Non-profit executive director skills require balance and hyperfocus.

I recently went on a quest to learn more about adult ADD.  My recent awareness came mid-blog, after taking an online assessment.  I took this quiz on Saturday Morning, and by Saturday night I was reading the book “Making ADD Work: On the job strategies for coping with Attention Deficit Disorder”.   I know that might seem a little extreme, or that I’m putting too much in an on-line survey.  What this did for me was give me some areas to focus on improving myself.

I’m single, in between relationships.  So self-assessment, self-improvement is a good focus.  It’s better than sitting home on a Saturday night depressed I don’t have a date!

I discovered hyperfocus.  I discovered that people with ADD, can do this well.  I remember being in high school and getting into a sewing project.  My whole family would have gone to bed hours before.  I would sit behind the sewing machine, not stopping until my dress was done.

I also realized that I do this when I work on our non-profit budgeting.  I clear my desk, I pull out the financial reports, my calculator and a notepad.  I review each line.  I compare what was budgeted to what was spent.  I know if we are 33%, 50% or 70% through the year, so I know where each item should be at.  I make notes on where we are up or down.  I project what needs to be spent.  I work backwards, making sure what we spent divided by the month we are in (June – 6) and see if that matches our bank statements.  This lets me know we are consistent and on track with what I anticipate will be spent in future months.

I love paying attention to our money.  I am proud of my money management for our non-profit.  It doesn’t always appear that way to other people.  When I get a question about the budget, I can’t always articulate how I know the answer.  I can’t always find the way to explain it.  People with ADD can think on 5 different levels at once.  I have all these ways I know the answer and I can’t get them from the picture in my mind, to a articulate sentence.  I don’t like feedback about budgeting or money management not being my strength.  I have to be careful not to get defensive about it.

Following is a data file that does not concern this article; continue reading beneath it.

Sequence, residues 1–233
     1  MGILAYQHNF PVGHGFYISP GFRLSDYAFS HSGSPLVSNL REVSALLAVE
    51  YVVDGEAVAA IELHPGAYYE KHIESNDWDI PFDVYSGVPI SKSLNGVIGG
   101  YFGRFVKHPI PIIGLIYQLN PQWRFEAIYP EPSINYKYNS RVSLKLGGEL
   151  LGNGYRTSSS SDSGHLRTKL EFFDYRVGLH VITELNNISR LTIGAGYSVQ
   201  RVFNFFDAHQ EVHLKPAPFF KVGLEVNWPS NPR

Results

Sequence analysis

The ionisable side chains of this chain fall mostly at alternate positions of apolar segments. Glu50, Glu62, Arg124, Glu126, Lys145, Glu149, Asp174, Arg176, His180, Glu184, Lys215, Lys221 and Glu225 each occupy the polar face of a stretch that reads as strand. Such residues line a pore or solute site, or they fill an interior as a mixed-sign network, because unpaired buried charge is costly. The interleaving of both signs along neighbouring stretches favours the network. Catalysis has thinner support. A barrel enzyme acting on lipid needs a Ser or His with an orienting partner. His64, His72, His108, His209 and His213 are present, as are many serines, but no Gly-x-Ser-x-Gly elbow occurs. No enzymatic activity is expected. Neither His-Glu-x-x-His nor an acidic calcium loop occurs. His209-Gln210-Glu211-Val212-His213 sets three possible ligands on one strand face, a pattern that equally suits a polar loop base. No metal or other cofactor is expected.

My track record is good, I inherited the program mid-year and we were headed for a serious loss, I landed us with a much lower deficit.  I ran the next few years with carry-over to help build reserve funds.  Despite a board approved budget to end the year -26,000, I am working to see we break even, its likely we may have a small carryover.  People seem to judge my skills on my moment to moment ability to answer questions.  I guess another person wouldn’t know my budget history, only one of our board members has been with me all 5 years.

So I balance.  Ask me a question about Restorative Justice – I am as articulate and precise as a brain surgeon.  I balance working on the non-profit image, with knowing the financials.  I balance leading-up efforts with the board, to being led and letting the voice and input of board members enhance our program (honestly, sometimes I have to really try at that). 

You have to balance and balance and balance as a nonprofit leader.

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